Always fear the man who's got nothing to lose. Sometimes he's the underdog, as in Eli Manning taking out Tom Brady in the Super Bowl not just once, but twice. At other times, he's the guy who's down on his luck—whose fortunes couldn't possibly get any worse—itching to push his luck even more. Every once in a while, these dire back-to-the-wall circumstances inspire the greatest of triumphs. Just ask Ricky Slade. "I had a 1969 Opel GT back in college that I used to drag race, and 30 years later, I found a car just like it sitting in the woods. I planned on restoring it just like my first Opel until a little storm named Hurricane Katrina hit," he recalls. "Since the car had been buried under 20 feet of saltwater, I figured I had nothing to lose by cutting into it. Suddenly, the plan changed from a stock restoration to a custom Pro Touring build." In reality, Ricky's sandbagging on us, as the GT's ridiculous yet sizzling proportions affirm. More specifically, he widened the Opel 6 inches in the back, lengthened the car another 4 inches, and wrapped it all around a custom tube chassis replete with a twin A-arm suspension up front and a four-link in the back. Power comes from an all-aluminum Buick 215 small-block bolted to a Tremec T5 stick. So while all the Opel diehards said it was impossible to modify the body lines of a GT and make it look good, thank goodness Ricky disagreed.

Before delving further into Ricky's flare for the dramatic, first thing's first: What the heck is an Opel GT? What looks like a 2/3-scale early C3 Corvette is actually an Opel product, GM's German subsidiary that's been in the car manufacturing business for over 100 years. GM took control of the company in the 1920s, watched helplessly as the Soviets ransacked Opel's assembly plants after World War II, and consequently rebuilt it from the ashes of countless Allied bombing raids. While the Soviets used the heisted tooling and fixtures to put their own unique communist twist on the Opel Kadett from deep behind the Iron Curtain, GM and Opel put their heads down to fire up the production line once again.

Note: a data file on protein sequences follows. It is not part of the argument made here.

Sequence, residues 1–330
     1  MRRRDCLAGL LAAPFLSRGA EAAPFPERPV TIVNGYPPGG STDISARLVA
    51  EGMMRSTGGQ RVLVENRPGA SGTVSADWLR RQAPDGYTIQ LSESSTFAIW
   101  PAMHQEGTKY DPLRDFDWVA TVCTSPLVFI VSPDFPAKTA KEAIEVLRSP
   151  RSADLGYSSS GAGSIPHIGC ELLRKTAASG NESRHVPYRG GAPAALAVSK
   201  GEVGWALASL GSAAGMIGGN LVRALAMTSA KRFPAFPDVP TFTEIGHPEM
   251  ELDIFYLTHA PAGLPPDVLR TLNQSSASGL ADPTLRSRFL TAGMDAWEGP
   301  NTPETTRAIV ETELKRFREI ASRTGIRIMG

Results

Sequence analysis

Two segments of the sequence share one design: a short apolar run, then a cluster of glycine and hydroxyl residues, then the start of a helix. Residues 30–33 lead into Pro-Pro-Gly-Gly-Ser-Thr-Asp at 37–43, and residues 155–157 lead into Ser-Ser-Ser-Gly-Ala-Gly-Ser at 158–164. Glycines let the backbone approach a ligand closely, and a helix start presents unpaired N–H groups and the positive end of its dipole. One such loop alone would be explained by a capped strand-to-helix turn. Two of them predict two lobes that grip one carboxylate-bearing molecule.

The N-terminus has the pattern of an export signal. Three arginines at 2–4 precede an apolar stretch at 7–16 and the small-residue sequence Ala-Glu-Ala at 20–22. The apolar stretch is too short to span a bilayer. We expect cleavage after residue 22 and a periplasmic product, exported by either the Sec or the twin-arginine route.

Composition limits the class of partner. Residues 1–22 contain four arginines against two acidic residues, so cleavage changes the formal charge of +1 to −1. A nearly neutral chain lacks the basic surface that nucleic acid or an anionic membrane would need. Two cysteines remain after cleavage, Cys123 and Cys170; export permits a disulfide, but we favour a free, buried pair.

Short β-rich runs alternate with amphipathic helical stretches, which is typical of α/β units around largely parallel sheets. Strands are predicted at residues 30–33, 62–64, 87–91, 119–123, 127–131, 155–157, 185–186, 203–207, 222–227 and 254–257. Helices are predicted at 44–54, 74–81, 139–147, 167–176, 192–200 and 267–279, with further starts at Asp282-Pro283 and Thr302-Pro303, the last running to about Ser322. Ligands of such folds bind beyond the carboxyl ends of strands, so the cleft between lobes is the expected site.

The result was the Kadett A, a car designed go head-to-head with the VW Bug. That model eventually evolved into the Kadett B that became the basis for the Opel GT. "The Kadett B was a small economy car that Opel gussied up to create the GT concept car in 1965, which went into production in 1968," Ricky explains. "The car was tested in a wind tunnel during the design phase, which was very rare for the time. Rumor has it that many of the same engineers who designed the C3 Corvette also worked on the Opel GT, which would explain why they look so much alike. As I was building my car, I thought it would look so much cooler if I just beefed the proportions up a bit."

A DIYer tackling extensive sheetmetal modifications at his house is usually a disaster waiting to happen, but Ricky persevered. He wanted to stuff some 315mm-wide meats in the back, which required both tubbing the wheelwells and widening the quarter-panels by 3 inches on each side. "I cut the quarter-panels off of both my car and a parts car. By cutting the quarters on the parts car farther inboard, it gave me plenty of material to widen the tubs while retaining the factory contours," Ricky explains. "To attach the quarters off the parts car, I flanged the original quarters, welded support rods beneath them, then welded everything together. After that, it was just lots of hammering, dollying, forming, and shaping. There's hardly any body filler in that area, and I didn't have to cut into the floorboards much at all to finish the tubs."

Since the Opel GT's wheezy four-cylinder wasn't going to cut it, Ricky needed to make room for a real motor. This presented the opportunity to further enhance the car's lines, and the solution was stretching the Opel 4 inches by lengthening the fenders and hood. Since the quarter-panels turned out so nicely, Ricky took a similar approach with the fenders. "The driver-side fender, passenger-side fender, and nose section on an Opel GT are all one single piece. Miraculously, I found someone in South Carolina who had some NOS fenders for sale," he says. "By cutting into the flat section of the OE fenders near the firewall and then welding the new fenders to them, I was able to stretch the car 4 inches using the stock and NOS sheetmetal. There's no telling how many times I cut and welded, didn't like how it turned out, and did it all over again. It was a lot of work, but I wanted the body mods to be inconspicuous."